In his "Confessions," which dates from the end of the fourth century, St. Augustine famously hears a voice telling him to "pick up and read." He interprets this as a command from God to pick up the Bible, open it at random and read the first passage he sees. He does so, the scales fall from his eyes and he becomes a Christian. Then he bookmarks the page. You could never do that with a scroll.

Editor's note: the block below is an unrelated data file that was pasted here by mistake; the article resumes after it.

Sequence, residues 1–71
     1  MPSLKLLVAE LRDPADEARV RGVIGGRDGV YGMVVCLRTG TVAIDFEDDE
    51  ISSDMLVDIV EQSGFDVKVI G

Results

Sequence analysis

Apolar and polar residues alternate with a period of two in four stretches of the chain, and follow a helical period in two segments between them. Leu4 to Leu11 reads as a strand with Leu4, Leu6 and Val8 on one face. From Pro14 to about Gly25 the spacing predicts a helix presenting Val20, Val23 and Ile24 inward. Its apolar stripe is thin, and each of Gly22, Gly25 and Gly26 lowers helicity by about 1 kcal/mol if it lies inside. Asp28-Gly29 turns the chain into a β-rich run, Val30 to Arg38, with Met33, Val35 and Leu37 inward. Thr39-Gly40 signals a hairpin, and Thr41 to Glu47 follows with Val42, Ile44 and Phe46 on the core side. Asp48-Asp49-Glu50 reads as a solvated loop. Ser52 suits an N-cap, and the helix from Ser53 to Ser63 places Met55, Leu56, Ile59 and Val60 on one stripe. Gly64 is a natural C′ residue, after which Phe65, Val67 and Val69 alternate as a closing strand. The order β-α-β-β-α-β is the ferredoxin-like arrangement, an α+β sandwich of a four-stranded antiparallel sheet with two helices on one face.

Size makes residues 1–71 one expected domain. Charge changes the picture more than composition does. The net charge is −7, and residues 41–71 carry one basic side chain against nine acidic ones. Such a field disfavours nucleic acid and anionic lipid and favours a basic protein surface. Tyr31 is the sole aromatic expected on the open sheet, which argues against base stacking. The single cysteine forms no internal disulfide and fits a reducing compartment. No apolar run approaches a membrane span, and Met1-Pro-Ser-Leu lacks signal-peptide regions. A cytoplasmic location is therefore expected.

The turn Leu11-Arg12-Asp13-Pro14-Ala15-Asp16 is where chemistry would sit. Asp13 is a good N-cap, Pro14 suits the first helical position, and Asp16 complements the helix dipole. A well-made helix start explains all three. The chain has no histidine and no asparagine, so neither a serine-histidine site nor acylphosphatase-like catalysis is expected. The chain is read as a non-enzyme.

But so far the great e-book debate has barely touched on the most important feature that the codex introduced: the nonlinear reading that so impressed St. Augustine. If the fable of the scroll and codex has a moral, this is it. We usually associate digital technology with nonlinearity, the forking paths that Web surfers beat through the Internet's underbrush as they click from link to link. But e-books and nonlinearity don't turn out to be very compatible. Trying to jump from place to place in a long document like a novel is painfully awkward on an e-reader, like trying to play the piano with numb fingers. You either creep through the book incrementally, page by page, or leap wildly from point to point and search term to search term. It's no wonder that the rise of e-reading has revived two words for classical-era reading technologies: scroll and tablet. That's the kind of reading you do in an e-book.